Dosage in Patients with Severe Renal Impairment: For patients with severe renal impairment (CrCl <30 mL/min/1.73 m2) not on hemodialysis, dosing of rosuvastatin should be started at 5 mg once daily and should not exceed 10 mg once daily.
Overdosage
There is no specific treatment in the event of overdose. In the event of overdose, the patient should be treated symptomatically and supportive measures instituted as required. Hemodialysis does not significantly enhance clearance of rosuvastatin.
However, no specific symptoms of an overdose have been reported.
Contraindications
Patients with known hypersensitivity to any component of Auritz. Hypersensitivity reactions including rash, pruritus, urticaria and angioedema have been reported with rosuvastatin.
Patients with active liver disease, which may include unexplained persistent elevations of hepatic transaminase levels.
Use in pregnancy: Pregnancy Category: X.
Rosuvastatin is contraindicated in women who are or may become pregnant. Serum cholesterol and triglycerides increase during normal pregnancy and cholesterol products are essential for fetal development. Atherosclerosis is a chronic process and discontinuation of lipid-lowering drugs during pregnancy should have little impact on long-term outcomes of primary hyperlipidemia therapy.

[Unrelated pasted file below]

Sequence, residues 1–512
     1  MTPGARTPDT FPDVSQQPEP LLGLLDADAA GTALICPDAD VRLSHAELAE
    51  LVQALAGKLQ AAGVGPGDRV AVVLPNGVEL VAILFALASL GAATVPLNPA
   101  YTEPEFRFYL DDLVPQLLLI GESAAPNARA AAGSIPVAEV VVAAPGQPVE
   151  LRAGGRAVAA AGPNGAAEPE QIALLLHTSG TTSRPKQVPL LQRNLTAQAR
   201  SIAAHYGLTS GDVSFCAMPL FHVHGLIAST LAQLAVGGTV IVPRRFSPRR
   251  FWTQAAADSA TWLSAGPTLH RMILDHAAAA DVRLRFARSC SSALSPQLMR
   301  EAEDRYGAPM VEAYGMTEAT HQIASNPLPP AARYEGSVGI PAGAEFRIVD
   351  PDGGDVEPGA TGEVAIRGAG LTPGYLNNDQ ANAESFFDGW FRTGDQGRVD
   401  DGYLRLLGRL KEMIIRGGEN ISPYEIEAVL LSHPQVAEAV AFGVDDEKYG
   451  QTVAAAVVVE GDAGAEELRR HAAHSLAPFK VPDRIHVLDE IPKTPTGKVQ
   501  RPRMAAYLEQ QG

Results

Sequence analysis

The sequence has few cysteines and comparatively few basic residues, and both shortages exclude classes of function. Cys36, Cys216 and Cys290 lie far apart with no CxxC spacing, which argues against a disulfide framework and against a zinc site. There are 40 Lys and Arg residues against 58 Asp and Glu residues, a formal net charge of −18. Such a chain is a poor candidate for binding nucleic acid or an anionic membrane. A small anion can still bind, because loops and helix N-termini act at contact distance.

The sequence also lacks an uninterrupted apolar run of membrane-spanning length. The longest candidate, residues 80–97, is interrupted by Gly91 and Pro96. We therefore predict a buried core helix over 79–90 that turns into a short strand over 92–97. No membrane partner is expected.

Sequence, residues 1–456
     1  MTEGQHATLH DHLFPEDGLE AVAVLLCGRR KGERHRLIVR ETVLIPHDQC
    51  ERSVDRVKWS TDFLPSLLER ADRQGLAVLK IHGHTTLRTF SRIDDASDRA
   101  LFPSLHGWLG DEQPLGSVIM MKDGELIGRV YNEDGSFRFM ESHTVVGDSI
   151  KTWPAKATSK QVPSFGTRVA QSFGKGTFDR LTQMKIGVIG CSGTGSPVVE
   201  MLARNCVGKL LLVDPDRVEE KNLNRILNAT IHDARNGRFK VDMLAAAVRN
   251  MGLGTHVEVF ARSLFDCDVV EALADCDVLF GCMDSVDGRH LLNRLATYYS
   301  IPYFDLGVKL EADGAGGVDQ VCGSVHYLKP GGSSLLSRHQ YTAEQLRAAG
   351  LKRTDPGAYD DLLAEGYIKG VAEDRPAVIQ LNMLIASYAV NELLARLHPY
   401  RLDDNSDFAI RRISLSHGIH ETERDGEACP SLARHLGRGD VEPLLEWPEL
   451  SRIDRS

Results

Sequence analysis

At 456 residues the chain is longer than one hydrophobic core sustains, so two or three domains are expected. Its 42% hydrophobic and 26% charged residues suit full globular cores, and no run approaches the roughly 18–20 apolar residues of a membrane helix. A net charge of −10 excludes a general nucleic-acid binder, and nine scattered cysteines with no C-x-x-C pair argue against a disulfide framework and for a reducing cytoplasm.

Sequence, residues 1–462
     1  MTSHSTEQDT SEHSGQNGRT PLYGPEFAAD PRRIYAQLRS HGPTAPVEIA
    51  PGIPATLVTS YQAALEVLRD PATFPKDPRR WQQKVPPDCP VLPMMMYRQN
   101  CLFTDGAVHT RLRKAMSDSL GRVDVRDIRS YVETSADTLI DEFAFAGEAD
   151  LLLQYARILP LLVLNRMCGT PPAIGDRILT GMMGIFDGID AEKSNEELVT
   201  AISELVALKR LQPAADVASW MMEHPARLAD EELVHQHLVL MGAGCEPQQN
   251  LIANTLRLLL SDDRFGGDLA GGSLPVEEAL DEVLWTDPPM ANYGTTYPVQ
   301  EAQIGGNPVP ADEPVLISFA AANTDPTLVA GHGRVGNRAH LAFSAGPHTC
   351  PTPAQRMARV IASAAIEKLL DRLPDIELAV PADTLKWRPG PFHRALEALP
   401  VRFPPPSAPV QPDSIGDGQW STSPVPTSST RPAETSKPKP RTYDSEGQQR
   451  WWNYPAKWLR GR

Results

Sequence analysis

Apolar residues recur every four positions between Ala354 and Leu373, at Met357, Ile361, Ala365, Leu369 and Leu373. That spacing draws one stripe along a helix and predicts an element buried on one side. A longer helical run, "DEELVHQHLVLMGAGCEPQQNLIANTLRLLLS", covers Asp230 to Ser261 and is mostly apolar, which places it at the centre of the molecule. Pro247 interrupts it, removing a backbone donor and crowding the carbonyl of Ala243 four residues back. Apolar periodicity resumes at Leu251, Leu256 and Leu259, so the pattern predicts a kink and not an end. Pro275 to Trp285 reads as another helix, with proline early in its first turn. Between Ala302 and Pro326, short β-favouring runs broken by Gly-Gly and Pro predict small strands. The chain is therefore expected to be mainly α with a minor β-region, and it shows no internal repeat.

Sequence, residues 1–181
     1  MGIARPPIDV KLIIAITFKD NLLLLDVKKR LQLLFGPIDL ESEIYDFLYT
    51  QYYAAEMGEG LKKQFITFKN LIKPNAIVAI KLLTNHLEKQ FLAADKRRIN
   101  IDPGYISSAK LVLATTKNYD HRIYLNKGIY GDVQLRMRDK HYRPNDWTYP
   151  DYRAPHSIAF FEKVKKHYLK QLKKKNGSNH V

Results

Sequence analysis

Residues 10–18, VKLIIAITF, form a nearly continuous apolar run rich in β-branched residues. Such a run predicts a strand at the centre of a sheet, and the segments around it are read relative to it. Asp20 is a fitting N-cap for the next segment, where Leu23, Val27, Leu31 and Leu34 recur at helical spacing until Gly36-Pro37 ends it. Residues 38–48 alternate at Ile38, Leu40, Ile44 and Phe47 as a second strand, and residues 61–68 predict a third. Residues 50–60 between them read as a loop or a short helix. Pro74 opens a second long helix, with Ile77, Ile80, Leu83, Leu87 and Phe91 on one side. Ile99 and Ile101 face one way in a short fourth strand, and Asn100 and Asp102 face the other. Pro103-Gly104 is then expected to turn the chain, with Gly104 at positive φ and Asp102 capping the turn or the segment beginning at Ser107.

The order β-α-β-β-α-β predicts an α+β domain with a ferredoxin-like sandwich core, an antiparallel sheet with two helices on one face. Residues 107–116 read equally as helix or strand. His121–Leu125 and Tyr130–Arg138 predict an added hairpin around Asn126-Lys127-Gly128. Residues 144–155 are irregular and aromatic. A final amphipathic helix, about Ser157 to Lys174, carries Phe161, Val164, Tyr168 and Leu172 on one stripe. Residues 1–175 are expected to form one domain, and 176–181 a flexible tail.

There are no adequate and well-controlled studies of rosuvastatin in pregnancy women. There have been rare reports of congenital anomalies following intrauterine exposure to HMG-CoA reductase inhibitors.
Rosuvastatin may cause fetal harm when administered to a pregnant woman. If the patient becomes pregnant while taking rosuvastatin, the patient should be apprised of the potential risks to the fetus and the lack of known clinical benefit with continued use during pregnancy.
Because HMG-CoA reductase inhibitors decrease cholesterol synthesis and possibly the synthesis of other biologically active substances derived from cholesterol, rosuvastatin may cause fetal harm when administered to pregnant women. Additionally, there is no apparent benefit to therapy during pregnancy and safety in pregnant women has not been established. If the patient becomes pregnant while taking Auritz, the patient should be apprised of the potential hazard to the fetus and the lack of known clinical benefit with continued use during pregnancy.